Monthly Archives: September 2013

They are here!

Pile of ScriptlingsThis international courier, whose name I will not mention (it rhymes with Procrastinator), managed to cross the 4,138 km between Tullahoma and Vancouver in 9 days. This gives an average of 19 km/h, which is pretty respectable, seeing that its direct competitor, the Pony Express, could only do about 20 km/h.

Anyway, due to this unexpected delay, I was not able to live up to my promise of doing a half naked dance around a pile of books in celebration of the new season of Downton Abbey.

Now, because I’m not as cruel as you might imagine, I give you a picture of the aforementioned pile. The rest, I’m afraid, is up to your imagination. Do tell me how it ends.

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No, this is not the name of the Aztec god of cotton candy, and nor is it the final question to the national spelling bee contest.

Plakalshchitsa (singular), or Plakalshchitsy (plural) is the Russian word for “mourner”, as taught to me by my Russian (nobody is perfect) friend Fedor. Now, before you start asking “why the gloomy mood, Sorin?” I will rush to clarify that this is just one of those references from The Scriptlings I’ve promised to explain. Here is the book passage:

“They were, in modern terms, professional mourners, in that they practiced the craft for a living. But they were more than that − they were veritable virtuosos of sorrow. They did more than just your regular insert-deceased-name-here-quintet-for-tears-and-howls. Their job was to put forward a once-in-a-lifetime (pun totally intended) recital meant to conjure vivid pictures of hopelessness and despair.”

I don’t know about other cultures, but in Eastern Europe it is quite common to hire a Plakalshchitsa (or, if you prefer the Romanian word – Bocitoare) as a kind of animator/entertainer for a funeral. If it’s sounds unnecessarily morbid that’s because it really is. As if a funeral was not a sad affair on its own, my ancestors have seen fit to spice things up by conjuring this unseemly profession into existence.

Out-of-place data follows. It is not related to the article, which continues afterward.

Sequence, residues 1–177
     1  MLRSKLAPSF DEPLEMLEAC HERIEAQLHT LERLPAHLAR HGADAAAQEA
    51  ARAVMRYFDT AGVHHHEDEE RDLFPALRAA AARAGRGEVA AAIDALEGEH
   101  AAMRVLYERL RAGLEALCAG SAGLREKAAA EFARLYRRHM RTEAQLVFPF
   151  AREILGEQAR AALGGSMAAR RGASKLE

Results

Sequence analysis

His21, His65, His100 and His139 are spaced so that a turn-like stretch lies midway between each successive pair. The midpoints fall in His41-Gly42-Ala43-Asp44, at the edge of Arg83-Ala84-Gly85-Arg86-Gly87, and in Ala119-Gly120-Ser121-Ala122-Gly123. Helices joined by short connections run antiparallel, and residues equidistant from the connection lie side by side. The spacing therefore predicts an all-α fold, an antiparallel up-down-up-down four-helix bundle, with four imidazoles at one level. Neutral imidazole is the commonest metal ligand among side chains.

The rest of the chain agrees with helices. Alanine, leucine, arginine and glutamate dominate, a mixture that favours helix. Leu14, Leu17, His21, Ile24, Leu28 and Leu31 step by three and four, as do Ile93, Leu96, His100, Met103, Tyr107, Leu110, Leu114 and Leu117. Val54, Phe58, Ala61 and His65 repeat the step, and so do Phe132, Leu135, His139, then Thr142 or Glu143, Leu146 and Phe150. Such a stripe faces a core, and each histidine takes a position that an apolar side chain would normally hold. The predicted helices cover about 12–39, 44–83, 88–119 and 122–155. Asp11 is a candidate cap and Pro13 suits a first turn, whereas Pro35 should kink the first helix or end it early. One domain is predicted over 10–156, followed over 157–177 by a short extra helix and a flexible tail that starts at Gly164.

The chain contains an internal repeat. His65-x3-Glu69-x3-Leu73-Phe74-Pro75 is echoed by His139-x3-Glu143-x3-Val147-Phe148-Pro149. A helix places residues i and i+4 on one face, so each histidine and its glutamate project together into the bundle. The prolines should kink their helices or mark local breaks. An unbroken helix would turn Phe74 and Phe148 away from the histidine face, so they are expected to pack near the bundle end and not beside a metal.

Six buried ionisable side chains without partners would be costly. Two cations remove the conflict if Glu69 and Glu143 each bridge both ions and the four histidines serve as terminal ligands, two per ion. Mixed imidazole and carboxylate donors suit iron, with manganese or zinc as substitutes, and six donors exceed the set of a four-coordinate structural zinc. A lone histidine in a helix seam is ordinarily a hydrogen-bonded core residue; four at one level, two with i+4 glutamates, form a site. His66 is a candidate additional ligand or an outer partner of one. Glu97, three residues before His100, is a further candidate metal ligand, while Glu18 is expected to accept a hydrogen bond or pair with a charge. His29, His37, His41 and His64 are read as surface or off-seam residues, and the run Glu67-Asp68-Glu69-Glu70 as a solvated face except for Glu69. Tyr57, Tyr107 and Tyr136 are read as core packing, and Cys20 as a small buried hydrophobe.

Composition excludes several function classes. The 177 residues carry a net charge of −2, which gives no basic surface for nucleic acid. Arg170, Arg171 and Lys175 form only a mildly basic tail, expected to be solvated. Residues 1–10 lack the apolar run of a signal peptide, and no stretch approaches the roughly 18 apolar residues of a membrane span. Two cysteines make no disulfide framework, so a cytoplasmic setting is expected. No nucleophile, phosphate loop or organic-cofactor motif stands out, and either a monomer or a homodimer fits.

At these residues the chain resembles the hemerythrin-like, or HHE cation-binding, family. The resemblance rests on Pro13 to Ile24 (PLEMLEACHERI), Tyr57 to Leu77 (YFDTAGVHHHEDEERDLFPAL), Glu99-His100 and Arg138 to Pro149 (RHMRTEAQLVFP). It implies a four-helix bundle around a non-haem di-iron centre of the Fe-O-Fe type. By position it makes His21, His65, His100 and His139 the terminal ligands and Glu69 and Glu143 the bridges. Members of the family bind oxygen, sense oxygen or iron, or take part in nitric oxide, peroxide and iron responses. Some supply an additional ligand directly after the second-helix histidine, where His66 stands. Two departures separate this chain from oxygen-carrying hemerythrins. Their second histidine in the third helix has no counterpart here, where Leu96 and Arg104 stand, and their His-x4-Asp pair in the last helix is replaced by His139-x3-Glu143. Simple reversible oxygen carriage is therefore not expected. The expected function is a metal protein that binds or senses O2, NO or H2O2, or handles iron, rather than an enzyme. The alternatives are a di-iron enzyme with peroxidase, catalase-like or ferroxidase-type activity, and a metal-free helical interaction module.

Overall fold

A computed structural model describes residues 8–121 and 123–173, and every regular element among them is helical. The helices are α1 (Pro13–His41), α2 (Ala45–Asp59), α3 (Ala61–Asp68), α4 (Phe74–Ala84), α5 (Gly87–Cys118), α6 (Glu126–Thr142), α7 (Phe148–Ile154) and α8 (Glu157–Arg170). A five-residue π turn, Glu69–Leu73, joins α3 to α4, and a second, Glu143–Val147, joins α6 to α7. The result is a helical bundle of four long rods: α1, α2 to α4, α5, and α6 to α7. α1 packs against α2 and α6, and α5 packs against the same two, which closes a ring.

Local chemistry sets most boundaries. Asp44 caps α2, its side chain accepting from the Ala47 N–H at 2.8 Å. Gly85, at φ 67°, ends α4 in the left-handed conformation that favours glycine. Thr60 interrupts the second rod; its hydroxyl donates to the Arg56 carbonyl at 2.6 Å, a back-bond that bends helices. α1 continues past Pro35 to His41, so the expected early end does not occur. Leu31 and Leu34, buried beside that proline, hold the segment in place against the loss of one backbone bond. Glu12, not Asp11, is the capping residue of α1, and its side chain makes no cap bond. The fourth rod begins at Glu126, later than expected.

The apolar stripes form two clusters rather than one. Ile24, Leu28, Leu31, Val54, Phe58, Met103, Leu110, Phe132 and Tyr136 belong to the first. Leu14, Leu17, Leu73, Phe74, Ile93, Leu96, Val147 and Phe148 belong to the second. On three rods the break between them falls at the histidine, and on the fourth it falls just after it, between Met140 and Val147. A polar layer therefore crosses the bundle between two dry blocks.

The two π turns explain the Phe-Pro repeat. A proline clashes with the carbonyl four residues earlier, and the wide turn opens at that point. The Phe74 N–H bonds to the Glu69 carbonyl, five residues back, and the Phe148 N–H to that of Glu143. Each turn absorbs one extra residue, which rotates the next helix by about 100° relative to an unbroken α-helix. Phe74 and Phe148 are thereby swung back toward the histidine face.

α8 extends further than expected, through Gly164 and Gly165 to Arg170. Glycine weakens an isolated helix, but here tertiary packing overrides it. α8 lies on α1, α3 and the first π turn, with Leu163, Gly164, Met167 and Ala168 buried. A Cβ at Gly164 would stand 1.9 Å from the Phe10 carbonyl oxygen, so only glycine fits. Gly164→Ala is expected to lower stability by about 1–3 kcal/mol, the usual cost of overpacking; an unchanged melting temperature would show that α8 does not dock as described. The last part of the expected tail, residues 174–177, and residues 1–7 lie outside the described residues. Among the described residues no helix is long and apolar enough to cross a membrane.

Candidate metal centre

I thought about posting a YouTube link of an actual performance, but I decided against it, as it is truly disturbing. Just Google “bocitoare” if you really must.

Well, I guess this was a rather gloomy post. Sorry about that, folks…

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2 x Free Autographed Copies

Help my Facebook page get to 500 likes and enter for a chance to win one of two autographed copies of The Scriptlings.

No purchase necessary. /*although it would be nice*/
Must be at least this geek to participate.
Reader discretion is advised.

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What’s going on


The launch campaign is underway, and you should probably expect to receive updates, teasers and quotes from
I had a chance to preview the schedule, and I can tell you this is way better than your regular spam. So look forward to it!


The Scriptlings has its own page on Amazon, Barnes & Noble and Goodreads now. If you’ve already finished reading the advanced copy, please go ahead and post your reviews.
By the way, Goodreads likes to cache their pages, so your review might take a while to show up.


2013: A Stellar Collection

2013: A Stellar Collection

My Publisher has revealed the cover art for a collection of short stories due to be released next month.

It includes “The Mating Season” – a story that I wrote last winter, based on an idea suggested by my friend Claire Seybold.

Here is how it happened:

We were playing Settlers of Catan at a friend’s place when she announced that she had an idea for a story. It might have come to her in a dream; for Claire has the strangest, most inspiring dreams, as if Neil Gaiman writes them for her.

“There’s these people,” she said, “who only have sex at a very large interval.”

“Married people?” I remember commenting.

“Sorin!” she chided me in her properly-brought-up tone. She added, “They’re having sex during a specific season, like animals. That’s what I meant. I don’t know why they do it, and what it means to them, but I think it will make a good story.”

More to come. I promise 🙂


Tiki, the Soup Inspector

Tiki, the Soup Inspector

Today we’re celebrating seven years since our vicious parrot, Tiki, has joined our household.

Here is a picture of her, three years ago, dominating a bowl of lentil soup.